The State of Michigan is serious about protecting its maritime treasures and, with much input from active scuba divers, in 1980 created an underwater preserve system. In addition to imposing penalties for disturbing the shipwrecks and their artifacts, the state made removing items a felony. That is good news for divers who enjoy the anchors, chains and deadeyes still found on many of these treasures.
There are now more than 2,300 square miles of Great Lakes bottomland protected within the state’s underwater preserve system, including the Straits of Mackinac, the area between the Lower and Upper Peninsulas where Lakes Huron and Michigan meet.
Here rests the Eber Ward, a wooden steamer that sank in 1909 when it struck ice, causing the deaths of five men. This is a journey for more advanced divers as the top deck of the ship is at a depth of about 110 feet and it hits bottom in about 140 feet of water. Sitting upright with its pointed bow intact—complete with anchors hanging off its sides—the ship’s demise can be easily understood, as there is a gaping hole in the front hull. Nearby, the arm of a lone davit hangs empty where a lifeboat once was secured.
Jumping north over Michigan’s Upper Peninsula to the deepest of the Great Lakes, Lake Superior, is the 113-square-mile Alger Underwater Preserve. While tour boats and kayaks carry visitors along the shoreline to view the colorful weathered sandstone of the Pictured Rocks National Lakeshore, scuba divers dip into the frosty waters to view the dozens of shipwrecks below. Among the most popular is the 145-foot schooner Bermuda. Sheltered within the bay just off the city of Munising, this intact boat sits upright in about 30 feet of water. There is plenty to see on this wreck, and because the shallow depths mean more light, most divers make sure they allow plenty of time to explore.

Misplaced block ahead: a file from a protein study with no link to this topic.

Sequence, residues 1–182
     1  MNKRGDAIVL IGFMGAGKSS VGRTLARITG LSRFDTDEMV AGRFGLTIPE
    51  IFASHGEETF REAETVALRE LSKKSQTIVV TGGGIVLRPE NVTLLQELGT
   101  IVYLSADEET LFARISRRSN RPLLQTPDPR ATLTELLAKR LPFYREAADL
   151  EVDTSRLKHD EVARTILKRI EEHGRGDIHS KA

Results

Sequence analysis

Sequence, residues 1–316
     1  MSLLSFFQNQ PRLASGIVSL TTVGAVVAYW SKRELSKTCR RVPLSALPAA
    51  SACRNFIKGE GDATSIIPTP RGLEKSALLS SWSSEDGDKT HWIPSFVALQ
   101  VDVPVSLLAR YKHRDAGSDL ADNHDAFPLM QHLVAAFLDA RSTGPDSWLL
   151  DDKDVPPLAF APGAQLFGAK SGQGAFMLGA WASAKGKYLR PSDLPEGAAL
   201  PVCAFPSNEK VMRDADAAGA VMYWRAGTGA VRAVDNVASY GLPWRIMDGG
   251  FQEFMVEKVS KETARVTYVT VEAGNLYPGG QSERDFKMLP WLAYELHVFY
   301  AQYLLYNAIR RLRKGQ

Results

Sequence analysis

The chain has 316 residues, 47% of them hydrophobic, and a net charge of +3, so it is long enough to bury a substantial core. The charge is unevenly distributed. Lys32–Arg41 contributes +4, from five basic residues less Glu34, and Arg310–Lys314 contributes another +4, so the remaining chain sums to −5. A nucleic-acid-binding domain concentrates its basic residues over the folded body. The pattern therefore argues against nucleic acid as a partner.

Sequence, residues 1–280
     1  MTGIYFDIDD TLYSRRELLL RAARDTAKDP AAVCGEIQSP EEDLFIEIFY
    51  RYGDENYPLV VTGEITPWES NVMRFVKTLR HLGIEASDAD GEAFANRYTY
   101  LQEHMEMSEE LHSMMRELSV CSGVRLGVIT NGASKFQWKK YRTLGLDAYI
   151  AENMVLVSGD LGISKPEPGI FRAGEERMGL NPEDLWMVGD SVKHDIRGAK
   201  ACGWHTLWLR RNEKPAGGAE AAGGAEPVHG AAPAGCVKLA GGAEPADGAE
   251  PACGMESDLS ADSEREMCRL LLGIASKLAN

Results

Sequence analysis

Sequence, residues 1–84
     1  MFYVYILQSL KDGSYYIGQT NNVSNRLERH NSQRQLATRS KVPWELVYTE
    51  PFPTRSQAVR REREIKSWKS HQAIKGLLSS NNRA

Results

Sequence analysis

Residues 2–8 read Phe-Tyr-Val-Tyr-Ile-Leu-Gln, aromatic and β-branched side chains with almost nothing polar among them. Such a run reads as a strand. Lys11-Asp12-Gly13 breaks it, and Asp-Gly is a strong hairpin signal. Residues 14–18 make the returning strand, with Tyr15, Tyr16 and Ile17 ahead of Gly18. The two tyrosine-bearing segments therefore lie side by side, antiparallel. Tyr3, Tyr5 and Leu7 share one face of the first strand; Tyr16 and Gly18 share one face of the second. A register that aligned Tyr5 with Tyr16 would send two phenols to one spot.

There are so many opportunities to study shipwrecks in the Great Lakes, and the excitement continues as more are found. In 2006, the steamboat Anthony Wayne was discovered in Lake Erie, more than 150 years after it sank in an inexplicable explosion.
The ship is broken up and buried in the lake’s muck and visibility is difficult, but it’s still easy to be awed by the incredible history of the 1830s-side-wheel steamship, which was recently added to the National Register of Historic Places.
Whether through the lens of a glass bottomed boat or up close through your own mask, the Great Lakes are a treasure trove for history buffs and novices alike. The lakes offer more than the serenity of lapping water. They hide a realm of the past and create a world of adventure.
Find information about Michigan’s 14 Underwater Preserves at michiganpreserves.org.
Dive boat operators that go to several of the preserves include:
Blackdog Charters (Lake Michigan and Lake Huron), blackdogdivecharters.com, (507) 236-2280.
Aquatic Adventures (all of the Great Lakes), aquaticadventuresofmi.com, (810) 225-9868.
Shipwreck Tours (Lake Superior), shipwrecktours.com, (906) 387-4477.
This article originally appeared in the 2018 spring/summer issue of Experience Michigan magazine. The contents of this article were checked for accuracy when it was published; however, it’s possible some of the information has changed. We recommend you call first if you have specific questions for the destinations, attractions or restaurants mentioned in this article.